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Why the Constitution Is Relevant Today

Those who mock the Constitution have it backwards.

by
Barry Rubin

Bio

January 6, 2011 - 12:00 am
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There has been a great deal of discussion in the United States about the Constitution — despite the fact that it was promulgated over two centuries ago — and whether it is relevant to contemporary America. I’d like to remark briefly on this.

The founders of the United States were not merely technicians setting up an administrative framework and a set of rules. They had pondered long and hard over the lessons of long-term history as to why republics had always seemed to fail and how governments had tended over time to become tyrannical.

From this study, debate, and analysis, their most important conclusion was that human beings could not be trusted with power. Those who had power — at least many or most of them — would misuse it to make themselves wealthy; to order around others; to hold onto office; to increase their authority; and to benefit themselves, their friends, and their supporters.

What was the solution? Their unanimous conclusion was that two safeguards were needed:

1. To divide power among as many institutions as would be possible without paralyzing government. On the federal level this meant there was a division among the executive, legislative, and judicial branches. Each of them had a large measure of independence and could check the others if they went too far.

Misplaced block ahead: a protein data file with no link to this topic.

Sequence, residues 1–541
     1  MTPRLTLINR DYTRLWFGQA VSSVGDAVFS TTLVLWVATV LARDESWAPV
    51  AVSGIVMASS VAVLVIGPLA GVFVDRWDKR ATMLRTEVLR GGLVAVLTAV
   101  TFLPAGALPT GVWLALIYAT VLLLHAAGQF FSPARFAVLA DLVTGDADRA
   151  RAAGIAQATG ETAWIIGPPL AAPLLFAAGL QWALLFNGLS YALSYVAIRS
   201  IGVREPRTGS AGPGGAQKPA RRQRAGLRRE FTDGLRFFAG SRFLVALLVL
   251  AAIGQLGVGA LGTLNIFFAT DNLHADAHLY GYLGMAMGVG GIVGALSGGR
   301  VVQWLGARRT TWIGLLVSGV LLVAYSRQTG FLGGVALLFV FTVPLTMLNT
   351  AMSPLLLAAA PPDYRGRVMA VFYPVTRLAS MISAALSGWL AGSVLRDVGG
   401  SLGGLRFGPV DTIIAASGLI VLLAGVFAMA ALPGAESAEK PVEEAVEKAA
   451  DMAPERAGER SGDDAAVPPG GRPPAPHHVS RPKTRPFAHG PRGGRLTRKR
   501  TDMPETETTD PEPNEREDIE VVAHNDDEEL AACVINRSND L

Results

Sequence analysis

Equally, power was divided among the federal government and independent state and local authorities.

2. To limit government, leaving the maximum amount of freedom in the hands of individuals.

These two strategies were tremendous innovations. While in need of some adjustment over time, this was basically to define the precise boundaries in each case, not to transform fundamentally the structure as a whole. The history of the past two centuries — and especially the twentieth century — showed just how right they were in this plan.

For example, Communism came up with the idea of being even “more” democratic, placing power in the hands of the “proletariat.” But as the founders of America could have told them, in the end this just meant giving absolute power to those who claimed to be the representatives of the masses, and in particular a man named Joseph Stalin.

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